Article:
Polarimetric X-band Radar Observations of a Failed Occlusion in the 20 May 2013 Moore, Oklahoma EF5 Tornado

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Tuesday, 6 January 2015: 4:30 PM
132AB (Phoenix Convention Center - West and North Buildings)
James M. Kurdzo, University of Oklahoma, Norman, OK; and D. J. Bodine, B. L. Cheong, and R. Palmer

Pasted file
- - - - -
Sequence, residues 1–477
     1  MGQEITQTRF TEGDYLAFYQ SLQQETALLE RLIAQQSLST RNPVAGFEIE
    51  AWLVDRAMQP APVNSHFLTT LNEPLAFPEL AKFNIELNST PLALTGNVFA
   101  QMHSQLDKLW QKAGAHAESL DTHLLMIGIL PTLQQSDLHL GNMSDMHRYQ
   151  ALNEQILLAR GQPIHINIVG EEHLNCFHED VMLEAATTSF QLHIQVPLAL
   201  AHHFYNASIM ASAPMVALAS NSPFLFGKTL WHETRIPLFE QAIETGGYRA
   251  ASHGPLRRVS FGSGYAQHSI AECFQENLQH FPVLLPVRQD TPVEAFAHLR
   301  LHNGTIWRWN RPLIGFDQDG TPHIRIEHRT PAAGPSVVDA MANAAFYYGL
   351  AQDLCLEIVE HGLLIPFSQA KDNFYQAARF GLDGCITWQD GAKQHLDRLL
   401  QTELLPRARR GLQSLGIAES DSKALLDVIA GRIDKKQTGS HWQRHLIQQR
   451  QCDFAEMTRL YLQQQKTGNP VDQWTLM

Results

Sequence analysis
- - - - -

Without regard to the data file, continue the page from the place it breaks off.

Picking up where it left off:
On 20 May 2013, the cities of Newcastle and Moore, Oklahoma were impacted by a long-track violent tornado that was rated as an EF5 on the enhanced Fujita scale by the National Weather Service. The University of Oklahoma (OU) Advanced Radar Research Center's PX-1000 transportable, polarimetric, 100-W X-band weather radar was operating in a single-elevation PPI scanning strategy at the OU Westheimer airport throughout the duration of the tornado, collecting high spatial and temporal resolution polarimetric data every 20 seconds at ranges as close as 10 km and heights below 500 m AGL. This dataset allows the study of fine-scale phenomena occurring on very rapid time scales with the advantage of polarimetric data. This paper analyzes a series of debris ejections and their association with rear flank gust front surges that both preceded and followed a loop of the tornado as it weakened over the Moore Medical Center before rapidly accelerating and re-strengthening to the east. The gust front structure, debris/hydrometeor microphysics, and ZDR arc breakdown are explored as strong evidence for a "failed occlusion." Observations are supported by rigorous hand-analysis of critical storm features such as debris characteristics, tornado track relative to the NWS damage survey, and a storm-lifetime vorticity analysis. A conceptual description and illustration of the suspected failed occlusion process is provided, and its implications are discussed. Finally, some considerations regarding debris ejections and gust front surges and their association with damage surveys are presented.